Tuesday, May 10, 2011

Beef: It's (not) what's for dinner

Rising international food prices could have a negative effect on the stable economy of Latin America. A report released last week by the Inter-American Development Bank (IADB), for instance, concluded that there is a high risk that inflation could stifle the economies of poorer countries in the region.

"The food price shock" (as the IADB called it) and its impact on Latin America have affected the diets of people in parts of rhea region. Some measures taken by governments to counter the effects of increased food prices have been insufficient. Such is the case of Argentina, a country renown for its cattle and large amounts of beef consumption. According to a report by the Economía & Regiones consultancy firm (and mentioned by Mercopress):
The 46.7 kilos beef consumption per person per year is almost the same average as ninety years ago and is attributed to a fall in Argentina’s national herd and a sustained increase in prices, adds the report that was published in Buenos Aires daily Clarin

“The maximum price policy (and export quotas) implemented” by the government of Nestor Kirchner and continued by his wife President Cristina Fernandez de Kirchner, supposedly to help contain inflation “resulted in a drastic drop in profits, contracting livestock supply gradually reducing the Argentine rodeo to one of its historic negative peaks”, points out the report based on data from the Ministry of Agriculture, Livestock and Food.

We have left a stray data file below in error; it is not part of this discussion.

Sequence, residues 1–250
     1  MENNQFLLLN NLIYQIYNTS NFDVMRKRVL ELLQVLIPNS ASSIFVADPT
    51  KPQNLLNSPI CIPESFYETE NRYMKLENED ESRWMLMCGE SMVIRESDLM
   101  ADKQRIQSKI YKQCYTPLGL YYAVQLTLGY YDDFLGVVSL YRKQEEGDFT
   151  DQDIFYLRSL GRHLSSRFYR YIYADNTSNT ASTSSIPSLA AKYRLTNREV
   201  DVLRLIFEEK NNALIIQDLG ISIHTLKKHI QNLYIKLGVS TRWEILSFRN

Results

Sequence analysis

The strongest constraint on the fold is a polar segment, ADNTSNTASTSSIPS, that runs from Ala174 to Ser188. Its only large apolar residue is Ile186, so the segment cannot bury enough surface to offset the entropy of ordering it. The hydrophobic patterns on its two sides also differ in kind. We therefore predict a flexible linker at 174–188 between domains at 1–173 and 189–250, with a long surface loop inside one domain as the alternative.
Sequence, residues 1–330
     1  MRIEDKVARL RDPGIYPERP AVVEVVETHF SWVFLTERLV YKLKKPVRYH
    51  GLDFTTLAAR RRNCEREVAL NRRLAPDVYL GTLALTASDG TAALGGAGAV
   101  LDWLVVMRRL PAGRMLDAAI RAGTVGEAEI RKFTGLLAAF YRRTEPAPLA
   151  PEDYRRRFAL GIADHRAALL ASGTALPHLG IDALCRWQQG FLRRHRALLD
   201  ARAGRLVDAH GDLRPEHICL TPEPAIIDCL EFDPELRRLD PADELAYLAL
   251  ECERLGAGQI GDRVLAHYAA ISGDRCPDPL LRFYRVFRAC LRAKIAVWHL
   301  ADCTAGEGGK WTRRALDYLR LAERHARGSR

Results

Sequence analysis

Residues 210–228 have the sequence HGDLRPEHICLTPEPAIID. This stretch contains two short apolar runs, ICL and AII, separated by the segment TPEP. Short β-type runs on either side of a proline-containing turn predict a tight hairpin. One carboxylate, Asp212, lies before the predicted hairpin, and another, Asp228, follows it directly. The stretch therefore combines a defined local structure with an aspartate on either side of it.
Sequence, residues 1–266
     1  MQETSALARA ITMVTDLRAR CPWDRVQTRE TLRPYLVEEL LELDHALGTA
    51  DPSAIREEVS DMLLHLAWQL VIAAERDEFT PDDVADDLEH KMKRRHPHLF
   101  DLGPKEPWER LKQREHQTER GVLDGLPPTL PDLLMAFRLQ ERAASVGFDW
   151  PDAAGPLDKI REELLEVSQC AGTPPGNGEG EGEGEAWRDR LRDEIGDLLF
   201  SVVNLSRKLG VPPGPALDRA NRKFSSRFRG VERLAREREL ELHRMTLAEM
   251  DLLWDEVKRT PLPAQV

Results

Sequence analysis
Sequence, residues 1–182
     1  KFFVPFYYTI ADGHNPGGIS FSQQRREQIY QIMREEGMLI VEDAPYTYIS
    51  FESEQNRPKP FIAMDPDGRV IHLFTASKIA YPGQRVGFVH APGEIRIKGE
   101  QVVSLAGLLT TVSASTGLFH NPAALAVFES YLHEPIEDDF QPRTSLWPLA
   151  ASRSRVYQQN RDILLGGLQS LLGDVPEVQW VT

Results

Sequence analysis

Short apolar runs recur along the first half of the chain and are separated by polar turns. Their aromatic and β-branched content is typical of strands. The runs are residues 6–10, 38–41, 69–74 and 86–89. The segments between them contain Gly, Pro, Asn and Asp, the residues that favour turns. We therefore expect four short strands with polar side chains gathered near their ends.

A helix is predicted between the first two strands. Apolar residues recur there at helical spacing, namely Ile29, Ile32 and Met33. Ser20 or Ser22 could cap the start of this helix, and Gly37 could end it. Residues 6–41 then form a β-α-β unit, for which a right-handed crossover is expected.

Beef consumption could continue decreasing this year; according to the Clarin article cited by Mercopress the price of one kilo (2.2 pounds) of veal last month was 40.59 pesos, a spike from 28.90 pesos in April 2010. Despite the rising prices, Argentine “cattle rancher advisor” Victor Tonelli told the local press that the decreased consumption is due to a decreased amount of meat available in the market.

While cattle ranchers have been feeling the pinch, chicken farmers have taken advantage of a tripling in consumption over the past decade according to Clarin. Another option (albeit extreme for Argentine tastes) may be to take advantage of the country’s growing exportations of horsemeat.

Image- Washington Post via Denver Post
Online Sources- Reuters, Mercopress, Clarin, infocampo.com.ar, Revista Generaccion

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